Tuesday, July 11, 2017
Backpage has always claimed it doesn’t control sex-related ads. New documents show otherwise, Randy Noblitt and His Research
Backpage has always claimed it doesn’t control sex-related ads. New documents show otherwise.
By Tom Jackman and Jonathan O'Connell July 11, 2017
A contractor for the controversial classifieds website Backpage.com has been aggressively soliciting and creating sex-related ads, despite Backpage’s repeated insistence that it had no role in the content of ads posted on its site, according to a trove of newly discovered documents.
The documents show that Backpage hired a company in the Philippines to lure advertisers — and customers seeking sex — from sites run by its competitors. The spreadsheets, emails, audio files and employee manuals were revealed in an unrelated legal dispute and provided to The Washington Post.
Workers in the Philippine call center scoured the Internet for newly listed sex ads, then contacted the people who posted them and offered a free ad on Backpage.com, the documents show. The contractor’s workers even created each new ad so it could be activated with one click.
Workers also created phony sex ads, offering to “Let a young babe show you the way” or “Little angel seeks daddy,” adding photos of barely clad women and explicit sex patter, the documents show. The workers posted the ads on competitors’ websites. Then, when a potential customer expressed interest, an email directed that person to Backpage.com, where they would find authentic ads, spreadsheets used to track the process show.
For years, Backpage executives have adamantly denied claims made by members of Congress, state attorneys general, law enforcement and sex-abuse victims that the site has facilitated prostitution and child sex trafficking. Backpage argues it is a passive carrier of “third-party content” and has no control of sex-related ads posted by pimps, prostitutes and even organized trafficking rings. The company contends it removes clearly illegal ads and refers violators to the police.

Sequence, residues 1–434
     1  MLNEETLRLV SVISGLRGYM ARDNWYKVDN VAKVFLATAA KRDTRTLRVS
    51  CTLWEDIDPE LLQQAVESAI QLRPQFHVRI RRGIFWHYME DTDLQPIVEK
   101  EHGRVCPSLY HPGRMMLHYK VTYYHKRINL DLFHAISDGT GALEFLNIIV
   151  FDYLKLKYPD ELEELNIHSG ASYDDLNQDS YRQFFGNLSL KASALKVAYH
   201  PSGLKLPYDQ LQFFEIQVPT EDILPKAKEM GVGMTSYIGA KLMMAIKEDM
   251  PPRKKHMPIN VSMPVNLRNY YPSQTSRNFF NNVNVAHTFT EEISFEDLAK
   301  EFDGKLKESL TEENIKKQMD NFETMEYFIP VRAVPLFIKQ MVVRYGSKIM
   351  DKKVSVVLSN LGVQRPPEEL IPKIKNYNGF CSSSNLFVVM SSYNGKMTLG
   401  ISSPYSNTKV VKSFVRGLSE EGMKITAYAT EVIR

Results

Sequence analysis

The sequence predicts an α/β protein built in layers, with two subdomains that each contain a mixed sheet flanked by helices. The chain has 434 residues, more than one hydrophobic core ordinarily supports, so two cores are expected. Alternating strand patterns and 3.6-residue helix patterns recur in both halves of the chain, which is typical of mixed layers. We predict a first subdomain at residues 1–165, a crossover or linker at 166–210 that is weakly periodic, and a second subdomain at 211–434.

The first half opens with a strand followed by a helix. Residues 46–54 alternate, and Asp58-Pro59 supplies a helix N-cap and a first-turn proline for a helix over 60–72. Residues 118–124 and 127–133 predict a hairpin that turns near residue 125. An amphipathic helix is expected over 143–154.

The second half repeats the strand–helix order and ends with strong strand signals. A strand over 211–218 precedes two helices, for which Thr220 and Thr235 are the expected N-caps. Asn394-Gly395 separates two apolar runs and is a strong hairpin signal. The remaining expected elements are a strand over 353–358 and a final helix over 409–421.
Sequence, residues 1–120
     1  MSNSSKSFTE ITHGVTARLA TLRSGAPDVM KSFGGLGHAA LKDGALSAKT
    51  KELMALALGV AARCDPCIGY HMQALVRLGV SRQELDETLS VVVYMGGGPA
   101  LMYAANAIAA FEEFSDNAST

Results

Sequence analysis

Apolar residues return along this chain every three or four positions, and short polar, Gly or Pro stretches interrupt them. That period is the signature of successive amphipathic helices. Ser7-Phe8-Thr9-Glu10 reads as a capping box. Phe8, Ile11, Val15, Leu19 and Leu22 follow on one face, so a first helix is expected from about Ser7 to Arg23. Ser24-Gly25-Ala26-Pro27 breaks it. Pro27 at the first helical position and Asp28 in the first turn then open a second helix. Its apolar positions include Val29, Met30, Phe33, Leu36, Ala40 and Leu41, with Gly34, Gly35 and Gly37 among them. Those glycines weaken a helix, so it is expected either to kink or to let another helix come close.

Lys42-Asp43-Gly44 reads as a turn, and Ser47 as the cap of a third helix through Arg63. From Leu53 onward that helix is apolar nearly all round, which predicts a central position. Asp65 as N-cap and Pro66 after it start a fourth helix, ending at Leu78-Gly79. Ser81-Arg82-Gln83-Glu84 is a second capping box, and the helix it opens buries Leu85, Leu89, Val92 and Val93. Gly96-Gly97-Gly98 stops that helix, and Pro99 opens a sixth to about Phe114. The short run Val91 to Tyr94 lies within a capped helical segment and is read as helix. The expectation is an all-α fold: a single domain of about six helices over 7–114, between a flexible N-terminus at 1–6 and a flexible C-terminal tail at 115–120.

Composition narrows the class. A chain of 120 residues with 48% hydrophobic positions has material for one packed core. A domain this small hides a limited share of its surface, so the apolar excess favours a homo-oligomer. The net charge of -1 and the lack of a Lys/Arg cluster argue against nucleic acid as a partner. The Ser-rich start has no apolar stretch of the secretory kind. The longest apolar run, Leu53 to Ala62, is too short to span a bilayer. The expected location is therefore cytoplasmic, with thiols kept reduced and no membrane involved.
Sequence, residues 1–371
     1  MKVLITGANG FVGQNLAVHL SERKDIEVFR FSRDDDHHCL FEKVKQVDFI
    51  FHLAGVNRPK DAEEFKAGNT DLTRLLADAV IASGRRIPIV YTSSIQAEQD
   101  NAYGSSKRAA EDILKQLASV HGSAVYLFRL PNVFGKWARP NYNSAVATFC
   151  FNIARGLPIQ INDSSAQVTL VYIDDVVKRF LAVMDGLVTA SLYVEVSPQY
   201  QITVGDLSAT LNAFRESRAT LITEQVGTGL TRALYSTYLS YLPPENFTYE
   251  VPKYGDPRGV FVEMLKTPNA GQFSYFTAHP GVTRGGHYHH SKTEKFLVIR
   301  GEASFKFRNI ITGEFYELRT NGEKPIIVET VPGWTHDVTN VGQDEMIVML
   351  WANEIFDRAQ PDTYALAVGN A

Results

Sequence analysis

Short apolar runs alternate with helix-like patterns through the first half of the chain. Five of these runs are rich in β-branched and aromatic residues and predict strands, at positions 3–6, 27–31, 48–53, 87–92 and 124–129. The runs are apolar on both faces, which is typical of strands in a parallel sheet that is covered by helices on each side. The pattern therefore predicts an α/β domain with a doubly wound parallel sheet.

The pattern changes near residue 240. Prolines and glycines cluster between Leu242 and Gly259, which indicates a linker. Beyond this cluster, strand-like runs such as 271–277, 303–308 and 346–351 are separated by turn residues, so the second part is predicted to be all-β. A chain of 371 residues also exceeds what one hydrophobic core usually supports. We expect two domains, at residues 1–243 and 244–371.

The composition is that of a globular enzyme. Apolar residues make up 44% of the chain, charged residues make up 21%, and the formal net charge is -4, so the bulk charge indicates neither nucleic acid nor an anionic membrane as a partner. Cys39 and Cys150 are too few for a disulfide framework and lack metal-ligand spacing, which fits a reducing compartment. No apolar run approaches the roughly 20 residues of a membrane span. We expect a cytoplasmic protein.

The discovery could be a turning point in the years-long campaign by anti-human trafficking groups, and Congress, to persuade Backpage to stop hosting prostitution ads, which many teenage girls have claimed were used to sell them for sexual exploitation. Lawsuits and criminal prosecutions of Backpage in the United States have nearly all failed because Backpage cites in its defense the federal Communications Decency Act, which grants immunity to websites that merely host or screen content posted by others.....
An investigation by a Senate subcommittee revealed earlier this year found that Backpage was editing ads to remove language indicating underage girls were available, rather than removing the ads. “Backpage has been righteously indignant throughout our investigation,” said Sen. Claire McCaskill (D-Mo.), a subcommittee member, “about how we were infringing on their constitutional rights, because they were a mere passthrough.” She noted, however, that Backpage was not only changing ads but also was also guiding posters in how to conceal their true intentions.
“But that’s nothing compared to this” new information, McCaskill said after The Post described the data. “This is about as far from passive as you can get. This is soliciting. This is, really, trickery. .?.?. So I hope this opens the floodgates of liability for Backpage. Nobody deserves it more.”....
Among the sex ads posted on Backpage.com are those for underage boys and girls, authorities and advocacy groups say. The National Association of Attorneys General has described Backpage as a “hub” of human trafficking, which involves children or adults who are forced or coerced into prostitution. The National Center for Missing and Exploited Children said that 73 percent of the 10,000 child sex trafficking reports it receives from the public each year involve ads on Backpage.....
Information on Randy Noblitt and His Research
Noblitt, PhD, J. R. – An Empirical Look at the Ritual Abuse Controversy http://ritualabuse.us/ritualabuse/articles/an-empirical-look-at-the-ritual-abuse-controversy-randy-noblitt-phd/
Fran’s Day Care – Keller Case – Randy Noblitt, PhD